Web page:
I will not, in a public forum, engage in conversations about gun control or mental health policies, or any other political topics roused by this tragedy.  Because, in all honesty, now is simply not the time.  Nor will I discuss theological theories about the why’s of this horror; for again, now is not the time. 

Neither will I talk about my reaction to this event.  I am not personally affected; I have no ownership of it.  Thus it is not for me to add to the noise of the crowd, thereby detracting from the real pain experienced by those touched by this tragedy.
 I will not seek out feel-good stories that will restore my faith in humanity.  Because faith in humanity is misplaced and bound to not merely disappoint, but epically and eternally fail. 

If how I’m handling these next few days feels wrong for you, know that it is okay to feel grief, even if you knew no one affected.  It is okay to be angry.  It is okay to be scared.  It is okay to be confused or conflicted (passivism v. justified action; forgiveness v. anger; fear v. unshaken faith).  It’s okay to seek out some light – in the form of stories that show the good in humanity or in circling your proverbial wagon and sharing time and love with those you hold most dear (and no, guilt has no place therein – don’t give it space); because for so many of us, we must see that the light remains, that it still exists, that hope and love can still win.  And it’s also more than okay to hand whatever you’re feeling over to the Holy Spirit, without explanation.  He knows your heart, He really doesn’t need one.     
Just be sure to fall on your knees—in grief, in fear, in anger, in confusion, in desperation.  Beg for healing, for understanding, for courage (in my case, to send my kids to school on Monday), for justice, for mercy, for Christ to come quickly.  And stay there as long as you need to. 

Then get up, and fight the darkness.  With Truth, with Love, with Light.  Be these in the world, so that Love and Truth and Light and Hope win the day.  Remind evil once again that it has its eviction notice, and that all of creation strains evermore towards that day.     

              ~Come, Lord Jesus, come.  Amen~


* There are parents who will choose a different path; and I am not here to defend my choice, nor to judge theirs.  The Officer and I choose to tell our children, because we felt it would be too challenging in the next few days/weeks to shield them from it and we would rather control the information and frame it in context that is appropriate for our family, instead of running damage control after the fact.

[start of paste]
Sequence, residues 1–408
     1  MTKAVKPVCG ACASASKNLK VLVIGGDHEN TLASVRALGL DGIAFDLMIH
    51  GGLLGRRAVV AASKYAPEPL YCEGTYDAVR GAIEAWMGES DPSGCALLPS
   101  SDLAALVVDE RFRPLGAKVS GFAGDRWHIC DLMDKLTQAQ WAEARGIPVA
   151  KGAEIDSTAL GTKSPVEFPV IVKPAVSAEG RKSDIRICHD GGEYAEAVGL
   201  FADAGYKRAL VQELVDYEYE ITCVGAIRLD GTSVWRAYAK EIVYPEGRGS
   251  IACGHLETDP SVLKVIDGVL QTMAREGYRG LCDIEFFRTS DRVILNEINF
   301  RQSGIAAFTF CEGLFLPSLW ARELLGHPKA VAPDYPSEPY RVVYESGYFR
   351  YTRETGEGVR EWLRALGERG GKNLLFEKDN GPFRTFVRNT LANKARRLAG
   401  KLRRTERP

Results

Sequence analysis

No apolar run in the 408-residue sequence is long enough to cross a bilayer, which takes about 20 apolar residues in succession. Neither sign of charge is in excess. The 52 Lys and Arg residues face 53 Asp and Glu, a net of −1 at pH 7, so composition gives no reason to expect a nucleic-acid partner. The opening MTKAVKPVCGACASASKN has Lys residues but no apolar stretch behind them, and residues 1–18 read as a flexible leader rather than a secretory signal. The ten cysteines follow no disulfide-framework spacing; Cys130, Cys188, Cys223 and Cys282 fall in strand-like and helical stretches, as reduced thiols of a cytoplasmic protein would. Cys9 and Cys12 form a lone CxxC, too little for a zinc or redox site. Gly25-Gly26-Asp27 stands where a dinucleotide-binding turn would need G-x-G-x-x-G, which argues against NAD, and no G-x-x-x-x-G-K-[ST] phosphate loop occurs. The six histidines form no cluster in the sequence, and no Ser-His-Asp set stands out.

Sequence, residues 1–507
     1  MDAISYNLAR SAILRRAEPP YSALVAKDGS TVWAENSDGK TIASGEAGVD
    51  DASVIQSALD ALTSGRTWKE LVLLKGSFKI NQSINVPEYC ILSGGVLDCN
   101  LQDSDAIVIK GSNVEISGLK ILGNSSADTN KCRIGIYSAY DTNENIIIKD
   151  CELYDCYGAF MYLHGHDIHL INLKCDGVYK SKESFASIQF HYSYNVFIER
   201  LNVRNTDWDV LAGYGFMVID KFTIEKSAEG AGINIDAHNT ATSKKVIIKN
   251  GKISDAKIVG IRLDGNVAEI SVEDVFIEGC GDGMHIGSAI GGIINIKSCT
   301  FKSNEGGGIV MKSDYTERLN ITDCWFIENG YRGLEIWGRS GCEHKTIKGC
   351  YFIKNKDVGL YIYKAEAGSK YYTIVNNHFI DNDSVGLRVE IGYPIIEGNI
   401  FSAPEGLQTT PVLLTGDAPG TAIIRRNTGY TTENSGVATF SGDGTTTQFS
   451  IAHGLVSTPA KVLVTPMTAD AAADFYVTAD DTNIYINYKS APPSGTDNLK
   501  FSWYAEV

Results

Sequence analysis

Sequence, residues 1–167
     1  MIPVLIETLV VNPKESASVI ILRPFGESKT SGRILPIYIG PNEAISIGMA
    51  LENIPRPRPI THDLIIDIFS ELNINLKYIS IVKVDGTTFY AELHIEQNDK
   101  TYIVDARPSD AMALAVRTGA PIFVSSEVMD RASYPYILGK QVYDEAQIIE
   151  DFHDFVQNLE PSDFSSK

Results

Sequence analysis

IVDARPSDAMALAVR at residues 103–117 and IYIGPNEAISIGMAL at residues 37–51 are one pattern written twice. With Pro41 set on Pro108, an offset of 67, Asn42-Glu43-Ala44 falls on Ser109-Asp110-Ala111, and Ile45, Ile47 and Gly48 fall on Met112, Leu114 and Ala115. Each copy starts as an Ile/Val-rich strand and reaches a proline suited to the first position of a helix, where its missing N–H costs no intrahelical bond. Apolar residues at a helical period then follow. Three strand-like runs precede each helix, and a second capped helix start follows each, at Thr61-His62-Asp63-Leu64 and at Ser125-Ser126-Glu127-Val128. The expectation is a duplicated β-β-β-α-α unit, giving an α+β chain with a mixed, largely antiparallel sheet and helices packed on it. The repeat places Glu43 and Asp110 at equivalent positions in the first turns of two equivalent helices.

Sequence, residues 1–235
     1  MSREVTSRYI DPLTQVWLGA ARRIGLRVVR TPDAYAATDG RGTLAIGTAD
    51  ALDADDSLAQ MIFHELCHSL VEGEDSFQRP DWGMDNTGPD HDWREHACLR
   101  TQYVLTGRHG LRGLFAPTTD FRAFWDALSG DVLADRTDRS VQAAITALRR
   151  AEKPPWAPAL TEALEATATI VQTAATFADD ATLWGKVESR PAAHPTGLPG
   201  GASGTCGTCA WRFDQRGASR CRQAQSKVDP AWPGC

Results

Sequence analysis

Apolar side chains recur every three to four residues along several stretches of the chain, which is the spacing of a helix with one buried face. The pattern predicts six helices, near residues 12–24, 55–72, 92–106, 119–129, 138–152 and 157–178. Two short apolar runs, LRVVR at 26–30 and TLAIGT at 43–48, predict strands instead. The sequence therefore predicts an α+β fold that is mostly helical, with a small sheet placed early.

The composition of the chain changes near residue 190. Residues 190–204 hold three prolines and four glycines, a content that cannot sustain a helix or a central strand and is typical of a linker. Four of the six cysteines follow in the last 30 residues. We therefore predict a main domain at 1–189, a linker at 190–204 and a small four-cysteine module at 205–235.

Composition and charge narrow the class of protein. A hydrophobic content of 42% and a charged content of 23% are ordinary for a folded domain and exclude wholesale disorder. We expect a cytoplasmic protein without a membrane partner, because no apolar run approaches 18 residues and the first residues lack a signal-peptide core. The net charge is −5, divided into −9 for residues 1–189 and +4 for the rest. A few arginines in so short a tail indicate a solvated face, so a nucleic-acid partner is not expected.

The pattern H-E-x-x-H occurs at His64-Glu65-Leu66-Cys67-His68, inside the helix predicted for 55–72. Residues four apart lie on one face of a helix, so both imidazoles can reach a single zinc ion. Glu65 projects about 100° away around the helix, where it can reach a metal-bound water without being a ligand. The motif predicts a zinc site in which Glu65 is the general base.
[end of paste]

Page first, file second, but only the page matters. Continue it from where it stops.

Tuesday, December 11, 2012

To Lucy, on her 100th birthday. With Love, from Ethel

This post comes from the archives, because it fits so perfectly here today.  See the original post here. 
Friendship is unnecessary, like philosophy, like art.... It has no survival value; rather it is one of those things that give value to survival. ~C.S. Lewis

[I hold no rights to the "I Love Lucy" logo, its characters, or any other representations herein.]
A week or so ago marked the 100th anniversary of what would have been Lucille Ball’s birthday. No doubt there were I Love Lucy marathons, and boxes of chocolate. Perhaps somewhere someone concocted a bottle of “Vitamina Vegamin” or two. But certainly, no celebration would have been complete without a nod to Ethel; the fictitious Lucy’s closest friend, dearest confidant, and greatest accomplice.

Lucy and Ethel, Thelma and Louise, Scarlet and Melanie, Ruth and Naomi. And more recently, Aibileene and Minny. Women who were stronger, better, more alive because of a single common denominator: her best friend. It is interesting to note that some of the most oft used scripture in wedding ceremonies wasn’t spoken between lovers, but between women. Ruth doesn’t pledge to follow Boaz, make his people and God hers; she promises this to Naomi, her destitute mother-in-law who is throwing verbal rocks at her (a la Timmy and Lassie), trying to get Ruth to abandon her. But Ruth stays.

Women stay, for the sake of each other. Thelma and Louise have their fateful cliff. Aibileene and Minny together motivate an entire community of women to share their stories, for change. Melanie opens her home and heart to Scarlett, despite the later continually throwing herself at Melanie’s husband. Each of us needs a friend of this sort. The kind that will spoon food into your mouth, just to keep you alive when you haven’t the strength anymore. The kind that always, always assumes the best about you. The kind that calls you forward into the person you’re supposed to be.

In the first chapter of Luke, tucked neatly into the nativity narrative, is a small passage so often overlooked by any expounding on the miracle of the Christ child’s birth. It’s in between the glorious Annuciation and the Magnificat. Seven verses, in which Mary leaves her home, supernaturally pregnant with Jesus, and visits her cousin, Elizabeth. Scripture doesn’t illuminate Mary’s emotive state during this visit; but she is a teenage girl, betrothed yet unwed, and pregnant, though still a virgin. Great though her faith must have been, I doubt that she was as carefree on the road to Elizabeth’s, as she likely was before the angel visited her.

Her song, a few verses later, is one of the most beautiful in scripture; a hymn likened by some to Hannah’s (1 Samuel 2), when Hannah dedicates her son to the Lord. A statement of faith so rich in theology and yet personal enough to apply to a teenage Jewess, that has been studied, memorized, and quoted at great length. However, Mary does not break into song immediately after the angel’s announcement that she is to be the mother of the Messiah. No. Mary, without her parents or betrothed, hurriedly travels to her cousin, Elizabeth. Some speculate she was trying to escape public disgrace; perhaps even save her family and betrothed from embarrassment; but scripture is silent on the why, so we can only know that Mary sought out company with Elizabeth. Elizabeth, the older, married antithesis of Mary, is also miraculously expecting a baby. And like Mary, Elizabeth is experiencing a type of isolation born from her pregnancy; her husband has been struck mute for his disbelief, and will not speak again until after their child is born.